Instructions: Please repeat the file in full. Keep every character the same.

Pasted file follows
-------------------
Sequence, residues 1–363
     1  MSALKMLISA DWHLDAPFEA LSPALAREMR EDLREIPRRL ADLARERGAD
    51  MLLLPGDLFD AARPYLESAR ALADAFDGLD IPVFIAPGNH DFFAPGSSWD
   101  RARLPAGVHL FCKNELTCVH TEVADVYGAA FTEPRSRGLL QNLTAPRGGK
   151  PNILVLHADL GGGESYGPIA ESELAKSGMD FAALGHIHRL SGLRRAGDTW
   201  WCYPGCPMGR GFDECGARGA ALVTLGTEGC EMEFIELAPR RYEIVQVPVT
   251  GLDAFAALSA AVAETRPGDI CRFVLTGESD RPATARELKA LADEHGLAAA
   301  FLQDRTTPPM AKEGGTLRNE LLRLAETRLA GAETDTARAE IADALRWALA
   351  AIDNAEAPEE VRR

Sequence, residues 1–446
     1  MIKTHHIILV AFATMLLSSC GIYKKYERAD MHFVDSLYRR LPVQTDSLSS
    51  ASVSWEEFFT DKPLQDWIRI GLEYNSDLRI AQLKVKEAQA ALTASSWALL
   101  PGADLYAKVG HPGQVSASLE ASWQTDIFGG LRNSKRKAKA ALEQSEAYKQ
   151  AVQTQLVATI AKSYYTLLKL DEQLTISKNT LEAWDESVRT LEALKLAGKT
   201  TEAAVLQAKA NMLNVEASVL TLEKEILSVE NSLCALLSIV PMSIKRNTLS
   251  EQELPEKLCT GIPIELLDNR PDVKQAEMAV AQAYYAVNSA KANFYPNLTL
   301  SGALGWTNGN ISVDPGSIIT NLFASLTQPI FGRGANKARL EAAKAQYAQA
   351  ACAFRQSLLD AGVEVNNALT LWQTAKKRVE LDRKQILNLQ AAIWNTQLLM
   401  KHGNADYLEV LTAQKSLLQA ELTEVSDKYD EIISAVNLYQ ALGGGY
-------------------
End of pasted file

Sequence, residues 1–363
     1  MSALKMLISA DWHLDAPFEA LSPALAREMR EDLREIPRRL ADLARERGAD
    51  MLLLPGDLFD AARPYLESAR ALADAFDGLD IPVFIAPGNH DFFAPGSSWD
   101  RARLPAGVHL FCKNELTCVH TEVADVYGAA FTEPRSRGLL QNLTAPRGGK
   151  PNILVLHADL GGGESYGPIA ESELAKSGMD FAALGHIHRL SGLRRAGDTW
   201  WCYPGCPMGR GFDECGARGA ALVTLGTEGC EMEFIELAPR RYEIVQVPVT
   251  GLDAFAALSA AVAETRPGDI CRFVLTGESD RPATARELKA LADEHGLAAA
   301  FLQDRTTPPM AKEGGTLRNE LLRLAETRLA GAETDTARAE IADALRWALA
   351  AIDNAEAPEE VRR

Sequence, residues 1–446
     1  MIKTHHIILV AFATMLLSSC GIYKKYERAD MHFVDSLYRR LPVQTDSLSS
    51  ASVSWEEFFT DKPLQDWIRI GLEYNSDLRI AQLKVKEAQA ALTASSWALL
   101  PGADLYAKVG HPGQVSASLE ASWQTDIFGG LRNSKRKAKA ALEQSEAYKQ
   151  AVQTQLVATI AKSYYTLLKL DEQLTISKNT LEAWDESVRT LEALKLAGKT
   201  TEAAVLQAKA NMLNVEASVL TLEKEILSVE NSLCALLSIV PMSIKRNTLS
   251  EQELPEKLCT GIPIELLDNR PDVKQAEMAV AQAYYAVNSA KANFYPNLTL
   301  SGALGWTNGN ISVDPGSIIT NLFASLTQPI FGRGANKARL EAAKAQYAQA
   351  ACAFRQSLLD AGVEVNNALT LWQTAKKRVE LDRKQILNLQ AAIWNTQLLM
   401  KHGNADYLEV LTAQKSLLQA ELTEVSDKYD EIISAVNLYQ ALGGGY